WIRED (LAN) router setup suggestions

Thanks @mk24 , I didn't see your post explaining it when I was typing my last reply :wink:

With a smart switch you can "split" the switch and decide that only some ports of the switch can see each other, or do VLANs which means you take multiple IP ranges and squash them into a single port, while still maintaining the 100% isolation between them.
So for example you take traffic from 4 different IP ranges and send it to a single port on the OpenWrt device (where you also configure the VLANs to receive this kind of traffic).

If you want a managed switch I'll recommend mikrotik switches. I don't know the size you want so I'll just link a full list. https://mikrotik.com/products/group/switches?filter&s=c&f=["gigabit"]#

Note that you CANNOT install OpenWrt on these switches, like on most smart switches anyway

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AES-NI is hardware acceleration for encryption (VPN for example) and may or may not be a requirement.

Why are those Intel controllers recommended?

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Thanks @bobafetthotmail , much clearer now!

But why do you prefer MIkrotik (managed) switch if other switches support OpenWrt?

link with filter:
"https://openwrt.org/toh/views/toh_extended_all?dataflt[Device+Type*~]=switch"

I imagine Mikrotik has a different proriaritary interface/rules and I'd have to learn that as well...

This is one of the most important requirements if you want to try another Firewall (other than OpenWrt).

Google:

Intel LAN is in general seen as superior to Realtek LAN.

Intel NIC is the best in terms of off loading off the CPU, it crunches call outs better than other NICs and is generally regarded as the most stable with no random drop outs.

For networking applications, it’s generally known that the i210AT is considered “better” than the i211AT because it has four transmit and four receive queues per port, while the i211AT only has two transmit and two receive queues per port. So when purchasing an APU, I made sure to look for one with an i210AT.

Intel i210AT NICs are a little better than the i211AT NICs in that they offer double the egress/ingress queues per port, very nice for firewall duty.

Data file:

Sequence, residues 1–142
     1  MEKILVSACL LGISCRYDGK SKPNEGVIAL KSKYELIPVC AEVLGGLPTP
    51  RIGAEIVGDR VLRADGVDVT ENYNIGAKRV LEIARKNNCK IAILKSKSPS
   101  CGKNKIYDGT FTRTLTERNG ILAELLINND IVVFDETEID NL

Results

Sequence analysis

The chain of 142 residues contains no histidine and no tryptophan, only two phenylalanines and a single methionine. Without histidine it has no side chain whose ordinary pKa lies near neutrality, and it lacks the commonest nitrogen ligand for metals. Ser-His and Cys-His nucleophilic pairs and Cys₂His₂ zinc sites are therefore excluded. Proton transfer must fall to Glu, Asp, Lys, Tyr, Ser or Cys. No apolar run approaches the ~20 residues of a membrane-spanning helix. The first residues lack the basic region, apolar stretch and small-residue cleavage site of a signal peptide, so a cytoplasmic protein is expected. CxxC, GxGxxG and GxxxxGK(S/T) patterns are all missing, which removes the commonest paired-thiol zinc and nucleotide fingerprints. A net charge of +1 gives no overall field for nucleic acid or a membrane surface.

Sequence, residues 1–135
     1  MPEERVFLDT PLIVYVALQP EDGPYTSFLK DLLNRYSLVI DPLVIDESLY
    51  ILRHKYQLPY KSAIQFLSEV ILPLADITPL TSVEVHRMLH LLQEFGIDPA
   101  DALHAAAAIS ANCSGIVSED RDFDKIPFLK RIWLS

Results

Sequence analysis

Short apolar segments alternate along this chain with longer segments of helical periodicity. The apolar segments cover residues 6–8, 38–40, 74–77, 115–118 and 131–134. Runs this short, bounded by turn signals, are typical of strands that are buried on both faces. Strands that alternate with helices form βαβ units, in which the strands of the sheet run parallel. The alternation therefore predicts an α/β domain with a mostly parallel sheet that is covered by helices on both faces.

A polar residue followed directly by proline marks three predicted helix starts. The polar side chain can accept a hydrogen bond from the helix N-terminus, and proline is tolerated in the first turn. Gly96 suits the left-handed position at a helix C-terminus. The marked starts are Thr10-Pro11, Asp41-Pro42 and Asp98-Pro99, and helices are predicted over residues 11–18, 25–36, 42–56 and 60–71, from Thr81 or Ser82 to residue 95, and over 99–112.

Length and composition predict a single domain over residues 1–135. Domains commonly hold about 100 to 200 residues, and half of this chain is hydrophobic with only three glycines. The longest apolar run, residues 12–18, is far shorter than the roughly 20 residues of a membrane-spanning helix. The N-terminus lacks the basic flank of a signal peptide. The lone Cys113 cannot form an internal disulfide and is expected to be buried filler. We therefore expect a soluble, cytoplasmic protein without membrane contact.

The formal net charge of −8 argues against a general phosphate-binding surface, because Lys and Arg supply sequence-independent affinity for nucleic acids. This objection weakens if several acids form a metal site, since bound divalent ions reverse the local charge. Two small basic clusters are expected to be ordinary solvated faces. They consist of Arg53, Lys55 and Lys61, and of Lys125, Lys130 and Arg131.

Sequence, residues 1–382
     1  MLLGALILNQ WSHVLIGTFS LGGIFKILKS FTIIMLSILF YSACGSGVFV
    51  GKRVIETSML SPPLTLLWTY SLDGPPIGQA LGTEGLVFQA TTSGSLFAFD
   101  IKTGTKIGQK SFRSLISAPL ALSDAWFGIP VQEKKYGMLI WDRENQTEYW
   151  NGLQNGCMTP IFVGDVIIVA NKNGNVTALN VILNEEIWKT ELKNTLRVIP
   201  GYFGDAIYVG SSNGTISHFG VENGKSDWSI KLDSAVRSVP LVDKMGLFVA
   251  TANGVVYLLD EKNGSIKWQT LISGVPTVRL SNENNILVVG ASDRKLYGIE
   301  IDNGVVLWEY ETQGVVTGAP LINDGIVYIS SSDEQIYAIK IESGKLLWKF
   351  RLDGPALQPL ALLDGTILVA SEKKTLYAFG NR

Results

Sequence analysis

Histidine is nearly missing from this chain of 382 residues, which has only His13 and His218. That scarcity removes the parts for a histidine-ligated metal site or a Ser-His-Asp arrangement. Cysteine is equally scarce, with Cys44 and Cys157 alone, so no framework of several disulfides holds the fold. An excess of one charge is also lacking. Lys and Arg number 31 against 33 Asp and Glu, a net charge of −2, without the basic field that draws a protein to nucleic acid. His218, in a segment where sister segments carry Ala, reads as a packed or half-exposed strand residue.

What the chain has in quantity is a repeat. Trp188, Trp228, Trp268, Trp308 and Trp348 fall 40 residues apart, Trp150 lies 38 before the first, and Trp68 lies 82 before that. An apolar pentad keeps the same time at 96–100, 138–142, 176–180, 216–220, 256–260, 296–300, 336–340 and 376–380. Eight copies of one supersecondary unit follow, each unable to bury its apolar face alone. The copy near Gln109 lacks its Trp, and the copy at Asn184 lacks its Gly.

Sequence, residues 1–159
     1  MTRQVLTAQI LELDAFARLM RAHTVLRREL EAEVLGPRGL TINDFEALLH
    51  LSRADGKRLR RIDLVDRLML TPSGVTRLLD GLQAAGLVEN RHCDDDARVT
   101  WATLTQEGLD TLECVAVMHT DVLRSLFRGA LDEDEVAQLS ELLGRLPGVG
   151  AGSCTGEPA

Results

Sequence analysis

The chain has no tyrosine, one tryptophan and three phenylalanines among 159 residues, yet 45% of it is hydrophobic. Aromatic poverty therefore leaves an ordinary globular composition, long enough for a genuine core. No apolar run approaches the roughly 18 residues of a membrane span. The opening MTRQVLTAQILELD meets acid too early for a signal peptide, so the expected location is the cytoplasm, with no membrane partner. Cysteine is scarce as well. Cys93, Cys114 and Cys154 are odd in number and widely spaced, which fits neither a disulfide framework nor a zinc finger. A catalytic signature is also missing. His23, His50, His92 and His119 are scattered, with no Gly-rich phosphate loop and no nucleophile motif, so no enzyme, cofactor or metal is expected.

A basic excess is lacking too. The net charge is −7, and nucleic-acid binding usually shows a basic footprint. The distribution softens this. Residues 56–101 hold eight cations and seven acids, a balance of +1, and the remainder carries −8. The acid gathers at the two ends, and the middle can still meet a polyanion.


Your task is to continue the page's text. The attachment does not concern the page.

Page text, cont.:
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Support for the most of those switch devices (Realtek rtl838x chipset) in OpenWrt is a bit young and there are some unresolved issues still (see the last posts of this thread) Support for RTL838x based managed switches
plus some features like PoE are not yet supported in OpenWrt

And I assume that someone that has 4+ IP ranges needs more than 8 ports.

The situation will probably improve eventually, but eh.

Yes but it's a managed switch, not a router.
You are literally just changing VLANs and/or making port pools from a graphical interface.

look at that, we have a filthy traitor in our forum. :rofl: You want to get him to use pfSense or OPNSense?
Yes Intel controllers are the only ones that are reliable (maybe also 2.5 Realtek ones too) on those firewall distros.

Intel LAN is in general seen as superior to Realtek LAN.

This is the only one I can confirm personally. Realtek is meh on Linux and bad on the other competitors above. More for stability than performance. It's not slower, it can crash and reset itself if under load

Intel NIC is the best in terms of off loading off the CPU, it crunches call outs better than other NICs and is generally regarded as the most stable with no random drop outs.

Intel i210AT NICs are a little better than the i211AT NICs in that they offer double the egress/ingress queues per port, very nice for firewall duty.

For networking applications, it’s generally known that the i210AT is considered “better” than the i211AT because it has four transmit and four receive queues per port, while the i211AT only has two transmit and two receive queues per port. So when purchasing an APU, I made sure to look for one with an i210AT.

This is all nice-sounding specs and theory but I can't say I noticed any significant difference between different Intel controllers from the dawn of time (older than i210AT) or even with Broadcomm ethernet controllers.

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Thanks to both of you @elan & @bobafetthotmail a ton of useful info.